The answer isn’t always to burst unscientific bubbles

29th June 2018 at 00:00
Children’s imaginations can be more powerful than scientific explanations, even when the evidence is staring them in the face, finds Steve Eddison

With varying degrees of reluctance, the children get into their science discussion groups. Their first task is to come up with a possible answer to the question: what are bubbles? Each group has five minutes to agree an explanation, write it on a Post-It, and attach it to the whiteboard. Tensions among the Einsteins are such that I eventually give in and allow one of them to write her own.

Angelina refuses to budge in her belief that bubbles are tiny spaceships. Apparently, they are the only things light enough to carry wishes to the secret place where dreams are made to come true. It’s what her nan told her and all attempts to force her to adopt a more scientific explanation are met with uncompromising resistance. Her final words on the subject are: “Well, if bubbles don’t contain wishes, why have they got rainbows in them?”

As chief spokesperson for the Einsteins, Benjamin treats Angelina’s argument with the contempt he feels it deserves. Science is his favourite subject and he already knows that rainbows are caused by the refraction of light, and that bubbles are pockets of air trapped inside a thin film of soap and water. He writes this information on a pink Post-It and attaches it emphatically to the whiteboard.

Our next task is to test three different soap solutions in order to determine which produces the best bubbles. To make it a fair test, we decide the thing we will change is the solution, the thing we will keep the same is the number of blows and the thing we will measure is how long the bubbles last for.

Forever blowing bubbles

Benjamin takes charge of the chart for recording his group’s results, and appoints Charlize to operate the stopwatch and Joe to blow the bubbles. After a heated discussion (and in the interests of harmony among this scientific community), Angelina is allowed to conduct her own investigation. That way, Benjamin can’t get bossy, and pick on her and tell her what to do all the time. To avoid any obstacles and a confusion of bubbles, we carry out our tests on the playing field. Each group finds a space well away from all the others. Angelina is furthest away of all.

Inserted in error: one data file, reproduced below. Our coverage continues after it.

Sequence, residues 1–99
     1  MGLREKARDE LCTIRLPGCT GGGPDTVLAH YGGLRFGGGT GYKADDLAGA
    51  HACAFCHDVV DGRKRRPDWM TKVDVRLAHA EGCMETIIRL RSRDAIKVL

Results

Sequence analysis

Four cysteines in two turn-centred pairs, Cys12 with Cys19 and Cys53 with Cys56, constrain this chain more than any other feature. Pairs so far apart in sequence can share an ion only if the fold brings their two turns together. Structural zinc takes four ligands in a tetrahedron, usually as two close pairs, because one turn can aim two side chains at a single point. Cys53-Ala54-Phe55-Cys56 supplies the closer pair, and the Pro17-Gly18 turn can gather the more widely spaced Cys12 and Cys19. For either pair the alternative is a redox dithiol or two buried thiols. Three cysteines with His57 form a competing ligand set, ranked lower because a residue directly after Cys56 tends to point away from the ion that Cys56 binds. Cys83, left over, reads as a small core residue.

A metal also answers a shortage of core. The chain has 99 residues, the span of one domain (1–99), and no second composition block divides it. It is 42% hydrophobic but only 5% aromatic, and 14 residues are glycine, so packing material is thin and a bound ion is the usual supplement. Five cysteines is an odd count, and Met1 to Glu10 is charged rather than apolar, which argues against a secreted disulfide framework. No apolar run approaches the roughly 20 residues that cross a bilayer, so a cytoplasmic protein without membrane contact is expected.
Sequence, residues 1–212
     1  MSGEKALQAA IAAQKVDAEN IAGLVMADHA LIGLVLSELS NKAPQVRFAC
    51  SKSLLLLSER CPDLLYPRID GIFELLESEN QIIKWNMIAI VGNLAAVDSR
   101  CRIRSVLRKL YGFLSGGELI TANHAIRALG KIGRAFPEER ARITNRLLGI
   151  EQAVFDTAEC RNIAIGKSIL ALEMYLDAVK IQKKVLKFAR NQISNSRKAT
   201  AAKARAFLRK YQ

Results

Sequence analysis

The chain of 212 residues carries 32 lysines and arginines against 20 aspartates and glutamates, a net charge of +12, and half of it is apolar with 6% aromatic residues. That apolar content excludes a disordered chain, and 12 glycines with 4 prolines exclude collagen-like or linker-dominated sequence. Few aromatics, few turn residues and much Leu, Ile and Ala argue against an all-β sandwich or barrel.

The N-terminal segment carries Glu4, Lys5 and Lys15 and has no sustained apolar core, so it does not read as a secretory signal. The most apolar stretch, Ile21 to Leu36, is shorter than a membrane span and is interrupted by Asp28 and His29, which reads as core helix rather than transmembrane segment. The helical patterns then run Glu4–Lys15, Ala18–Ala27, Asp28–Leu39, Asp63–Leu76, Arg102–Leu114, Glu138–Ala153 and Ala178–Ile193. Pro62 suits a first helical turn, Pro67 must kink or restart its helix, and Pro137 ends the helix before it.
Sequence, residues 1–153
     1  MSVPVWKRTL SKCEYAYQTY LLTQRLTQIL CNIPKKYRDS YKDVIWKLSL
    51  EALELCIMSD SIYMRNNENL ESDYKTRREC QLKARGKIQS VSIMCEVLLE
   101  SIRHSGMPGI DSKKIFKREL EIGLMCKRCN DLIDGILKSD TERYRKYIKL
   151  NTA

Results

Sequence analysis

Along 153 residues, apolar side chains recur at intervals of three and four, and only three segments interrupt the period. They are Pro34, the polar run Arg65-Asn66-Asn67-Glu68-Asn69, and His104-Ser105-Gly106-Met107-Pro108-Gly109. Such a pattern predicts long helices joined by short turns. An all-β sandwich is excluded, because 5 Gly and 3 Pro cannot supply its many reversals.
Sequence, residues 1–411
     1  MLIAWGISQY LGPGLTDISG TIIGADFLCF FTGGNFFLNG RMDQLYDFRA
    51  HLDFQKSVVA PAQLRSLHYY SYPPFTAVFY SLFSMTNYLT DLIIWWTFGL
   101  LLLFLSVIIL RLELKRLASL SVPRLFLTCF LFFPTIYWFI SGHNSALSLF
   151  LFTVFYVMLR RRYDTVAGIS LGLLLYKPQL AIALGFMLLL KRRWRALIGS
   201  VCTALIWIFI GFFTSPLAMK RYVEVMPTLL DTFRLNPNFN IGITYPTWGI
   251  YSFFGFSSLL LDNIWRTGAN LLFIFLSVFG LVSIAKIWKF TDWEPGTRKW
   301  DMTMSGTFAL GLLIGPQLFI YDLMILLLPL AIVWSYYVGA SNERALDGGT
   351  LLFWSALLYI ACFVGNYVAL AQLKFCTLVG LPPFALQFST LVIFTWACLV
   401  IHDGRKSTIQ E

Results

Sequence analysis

“Faster than light in a vacuum,” I joke, when Einsteins are the first to finish. According to Benjamin’s record chart, solution B (a proprietary brand of bubble-making solution) is the clear winner. Solutions A (shampoo with added water and glycerine) and C (shampoo with added water only) are second and third respectively. These results are soon confirmed by Faradays, Newtons, Darwins and Curies. Now we are waiting for only one person.

With everyone lined up and waiting to go back into class, Angelina is still out on the playing field. In a bubble of her own, she watches cluster after cluster of glistening spaceships carry her wishes into the air where they spin, disperse and burst into nothingness.

And while the romantic in me can’t help admiring her innocence and determination, the cynic in me keeps whispering: “In your dreams, Angelina. In your dreams.”


Steve Eddison teaches at Arbourthorne Community Primary School in Sheffield

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